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Washington, DC - July 28, 2005 - There are several interesting stories behind the recent award ceremony that took place at the Washington, D.C., headquarters of the Voice of America.

The British news agency Reuters proudly notes its scoops on its journalism training website, such as President Lincoln's assassination in 1865.

This was a week when some international broadcasters came of age while others began to show theirs. Winners began to emerge, meaning someone had to lose. Some broadcasters stepped out of the shadows to participate in the big dance. And new startups set out to take on the world's most familiar satellite news channels.

At the BBC, news editors and writers decided to cast away their policy stylebook to do it their own way on the morning of the London bombings and use the word "terrorism" to describe what had happened. But 12 hours later they backed off.

Al-Jazeera-America is coming to town, heading straight for your living room.

Its executives, from their headquarters in the tiny Middle East gulf state of Qatar, have held preliminary talks in the U.S. with cable operators about carrying the channel's new English-language service, expected to debut early next year.

Egyptian-born Dina Habib Powell says America must listen if it wants to be understood abroad. But first she must get people to listen to her.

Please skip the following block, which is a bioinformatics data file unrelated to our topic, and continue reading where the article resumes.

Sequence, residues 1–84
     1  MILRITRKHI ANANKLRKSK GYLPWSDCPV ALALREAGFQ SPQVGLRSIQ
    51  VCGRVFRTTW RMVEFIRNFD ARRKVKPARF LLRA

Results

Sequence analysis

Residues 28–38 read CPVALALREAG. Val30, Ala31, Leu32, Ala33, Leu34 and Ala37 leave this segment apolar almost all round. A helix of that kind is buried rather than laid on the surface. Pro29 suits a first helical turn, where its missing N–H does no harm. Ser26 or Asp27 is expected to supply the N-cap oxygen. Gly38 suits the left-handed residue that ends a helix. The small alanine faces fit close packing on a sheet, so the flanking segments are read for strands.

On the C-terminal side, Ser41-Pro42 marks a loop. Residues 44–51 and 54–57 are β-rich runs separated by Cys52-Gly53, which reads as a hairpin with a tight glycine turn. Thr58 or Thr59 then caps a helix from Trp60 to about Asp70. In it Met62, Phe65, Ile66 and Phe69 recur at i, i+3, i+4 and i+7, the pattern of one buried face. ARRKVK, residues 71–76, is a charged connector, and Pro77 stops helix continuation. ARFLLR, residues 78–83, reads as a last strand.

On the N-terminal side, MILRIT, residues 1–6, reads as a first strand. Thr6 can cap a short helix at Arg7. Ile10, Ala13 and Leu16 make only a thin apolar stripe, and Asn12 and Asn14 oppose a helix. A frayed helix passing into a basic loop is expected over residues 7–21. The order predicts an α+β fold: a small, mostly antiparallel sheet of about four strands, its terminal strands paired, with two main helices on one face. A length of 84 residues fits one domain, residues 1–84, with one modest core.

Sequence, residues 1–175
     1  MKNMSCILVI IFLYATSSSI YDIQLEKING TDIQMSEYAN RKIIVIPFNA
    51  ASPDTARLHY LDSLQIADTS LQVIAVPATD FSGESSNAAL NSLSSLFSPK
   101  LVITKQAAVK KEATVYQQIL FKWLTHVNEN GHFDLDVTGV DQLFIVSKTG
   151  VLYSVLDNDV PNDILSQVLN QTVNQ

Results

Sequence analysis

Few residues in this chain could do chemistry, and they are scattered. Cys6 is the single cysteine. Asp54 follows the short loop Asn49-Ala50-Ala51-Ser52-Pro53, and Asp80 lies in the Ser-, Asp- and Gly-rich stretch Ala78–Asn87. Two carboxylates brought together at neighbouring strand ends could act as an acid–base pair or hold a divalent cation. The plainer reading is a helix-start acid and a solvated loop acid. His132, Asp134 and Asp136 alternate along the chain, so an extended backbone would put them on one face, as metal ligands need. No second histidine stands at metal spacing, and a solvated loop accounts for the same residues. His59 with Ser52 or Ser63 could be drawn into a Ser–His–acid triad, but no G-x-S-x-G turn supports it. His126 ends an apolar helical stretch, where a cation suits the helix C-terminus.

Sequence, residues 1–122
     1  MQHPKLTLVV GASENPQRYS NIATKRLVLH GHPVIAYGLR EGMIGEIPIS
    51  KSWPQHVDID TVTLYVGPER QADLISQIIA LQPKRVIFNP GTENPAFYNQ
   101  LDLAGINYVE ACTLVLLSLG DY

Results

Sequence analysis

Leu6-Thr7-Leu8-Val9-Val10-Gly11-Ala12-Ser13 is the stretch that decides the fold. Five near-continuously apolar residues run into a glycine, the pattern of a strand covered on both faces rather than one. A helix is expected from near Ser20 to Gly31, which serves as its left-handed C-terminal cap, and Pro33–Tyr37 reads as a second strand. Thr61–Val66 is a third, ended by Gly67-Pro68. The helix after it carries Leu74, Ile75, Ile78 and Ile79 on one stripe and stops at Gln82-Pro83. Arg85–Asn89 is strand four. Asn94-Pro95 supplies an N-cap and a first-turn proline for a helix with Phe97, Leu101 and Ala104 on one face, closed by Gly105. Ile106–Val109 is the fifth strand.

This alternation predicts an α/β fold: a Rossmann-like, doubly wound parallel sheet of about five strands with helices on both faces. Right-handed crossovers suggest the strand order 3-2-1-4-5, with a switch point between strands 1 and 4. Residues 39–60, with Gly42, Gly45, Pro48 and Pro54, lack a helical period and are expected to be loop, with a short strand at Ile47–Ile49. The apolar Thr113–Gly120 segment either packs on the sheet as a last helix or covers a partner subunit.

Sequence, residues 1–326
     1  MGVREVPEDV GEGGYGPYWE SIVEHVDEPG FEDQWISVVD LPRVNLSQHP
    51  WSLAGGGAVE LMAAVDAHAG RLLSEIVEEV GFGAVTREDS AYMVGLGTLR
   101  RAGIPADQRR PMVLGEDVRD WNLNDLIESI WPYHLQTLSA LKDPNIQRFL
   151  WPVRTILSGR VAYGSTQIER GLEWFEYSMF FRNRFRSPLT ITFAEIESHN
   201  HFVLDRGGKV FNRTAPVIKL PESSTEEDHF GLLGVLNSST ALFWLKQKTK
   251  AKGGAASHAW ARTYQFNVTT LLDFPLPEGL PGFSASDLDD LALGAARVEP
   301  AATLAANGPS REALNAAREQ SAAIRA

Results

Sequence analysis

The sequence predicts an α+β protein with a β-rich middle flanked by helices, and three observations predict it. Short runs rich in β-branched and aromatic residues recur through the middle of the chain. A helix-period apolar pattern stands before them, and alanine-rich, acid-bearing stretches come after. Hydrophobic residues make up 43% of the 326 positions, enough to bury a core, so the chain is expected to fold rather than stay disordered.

It's time to reinvent U.S. government international broadcasting - again. But this time, let's get it right and privatize this operation.

What's hot in public diplomacy?
Answer: C-SPAN, but of course.

What's not?
Answer: Everything else.

An exaggeration, perhaps, but there's no denying that the Cable-Satellite Public Affairs Network (C-SPAN), which provides gavel-to-gavel coverage of Congress, press briefings, newsmaker speeches, public policy discussions, and much more, is mentioned more than anything else nowadays by those recognized as in the know who are trying to help "fix" America's lagging public diplomacy effort in the Middle East.

So now we are told that Mark Felt may not have been Deep Throat after all.

The watchdog group Accuracy in Media (AIM) quotes a Watergate scandal expert, Joan Huff, a Montana State University history professor, as saying that this is all "an orchestrated publicity stunt on the part of the (Washington) Post" to publicize Bob Woodward's new book.